Compare any two graphics cards:
GeForce GTX 560 Ti vs Radeon HD 7850
IntroThe GeForce GTX 560 Ti makes use of a 40 nm design. nVidia has clocked the core speed at 822 MHz. The GDDR5 memory works at a speed of 1002 MHz on this specific model. It features 384 SPUs along with 64 TAUs and 32 ROPs.
Compare those specifications to the Radeon HD 7850, which features a clock speed of 860 MHz and a GDDR5 memory frequency of 1200 MHz. It also makes use of a 256-bit memory bus, and makes use of a 28 nm design. It is comprised of 1024 SPUs, 64 TAUs, and 32 ROPs.
(No game benchmarks for this combination yet.)
Power Usage and Theoretical Benchmarks
Power Consumption (Max TDP)
The Radeon HD 7850 should in theory be just a bit faster than the GeForce GTX 560 Ti in general. (explain)
Texel RateThe Radeon HD 7850 will be a small bit (approximately 5%) more effective at AF than the GeForce GTX 560 Ti. (explain)
Pixel RateThe Radeon HD 7850 will be a little bit (about 5%) faster with regards to anti-aliasing than the GeForce GTX 560 Ti, and also should be able to handle higher resolutions without slowing down too much. (explain)
Please note that the above 'benchmarks' are all just theoretical - the results were calculated based on the card's specifications, and real-world performance may (and probably will) vary at least a bit.
Please note that the price comparisons are based on search keywords - sometimes it might show cards with very similar names that are not exactly the same as the one chosen in the comparison. We do try to filter out the wrong results as best we can, though.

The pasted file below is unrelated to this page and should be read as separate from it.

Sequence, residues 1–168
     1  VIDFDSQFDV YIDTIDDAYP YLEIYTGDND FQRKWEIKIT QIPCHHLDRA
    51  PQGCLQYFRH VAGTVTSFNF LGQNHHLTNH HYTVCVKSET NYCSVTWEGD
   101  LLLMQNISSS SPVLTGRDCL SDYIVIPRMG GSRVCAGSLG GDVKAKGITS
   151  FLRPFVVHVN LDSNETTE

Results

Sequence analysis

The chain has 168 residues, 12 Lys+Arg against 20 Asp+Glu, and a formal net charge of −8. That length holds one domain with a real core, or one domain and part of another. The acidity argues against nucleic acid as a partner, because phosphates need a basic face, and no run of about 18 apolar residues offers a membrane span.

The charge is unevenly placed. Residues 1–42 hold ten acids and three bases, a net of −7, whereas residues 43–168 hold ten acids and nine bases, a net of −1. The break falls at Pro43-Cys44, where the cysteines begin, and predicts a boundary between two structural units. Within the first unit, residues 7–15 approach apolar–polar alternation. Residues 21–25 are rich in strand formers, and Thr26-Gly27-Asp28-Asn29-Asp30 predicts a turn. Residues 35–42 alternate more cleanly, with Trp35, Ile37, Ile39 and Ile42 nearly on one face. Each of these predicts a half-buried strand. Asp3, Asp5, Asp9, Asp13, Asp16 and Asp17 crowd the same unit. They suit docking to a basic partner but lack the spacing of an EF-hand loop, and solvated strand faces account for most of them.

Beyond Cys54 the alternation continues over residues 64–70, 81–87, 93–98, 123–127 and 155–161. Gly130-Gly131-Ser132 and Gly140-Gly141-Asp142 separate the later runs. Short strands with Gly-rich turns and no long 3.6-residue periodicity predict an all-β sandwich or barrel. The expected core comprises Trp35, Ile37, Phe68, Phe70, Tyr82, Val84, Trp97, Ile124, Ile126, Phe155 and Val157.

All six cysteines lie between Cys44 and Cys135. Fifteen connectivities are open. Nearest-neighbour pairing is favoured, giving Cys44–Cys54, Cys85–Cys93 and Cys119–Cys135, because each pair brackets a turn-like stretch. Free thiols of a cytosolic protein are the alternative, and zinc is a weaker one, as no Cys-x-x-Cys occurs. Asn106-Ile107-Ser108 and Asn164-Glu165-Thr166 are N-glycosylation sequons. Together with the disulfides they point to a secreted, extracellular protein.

Memory Bandwidth: Bandwidth is the largest amount of data (measured in MB per second) that can be transferred past the external memory interface within a second. The number is worked out by multiplying the interface width by the speed of its memory. If it uses DDR type RAM, the result should be multiplied by 2 once again. If DDR5, multiply by ANOTHER 2x. The higher the card's memory bandwidth, the faster the card will be in general. It especially helps with anti-aliasing, HDR and high resolutions.
Texel Rate: Texel rate is the maximum amount of texture map elements (texels) that can be applied in one second. This figure is calculated by multiplying the total texture units of the card by the core speed of the chip. The better this number, the better the card will be at handling texture filtering (anisotropic filtering - AF). It is measured in millions of texels applied per second.
Pixel Rate: Pixel rate is the most pixels the graphics card could possibly record to its local memory in one second - measured in millions of pixels per second. Pixel rate is worked out by multiplying the amount of Raster Operations Pipelines by the the card's clock speed. ROPs (Raster Operations Pipelines - also called Render Output Units) are responsible for drawing the pixels (image) on the screen. The actual pixel output rate is also dependant on lots of other factors, especially the memory bandwidth - the lower the memory bandwidth is, the lower the potential to reach the maximum fill rate.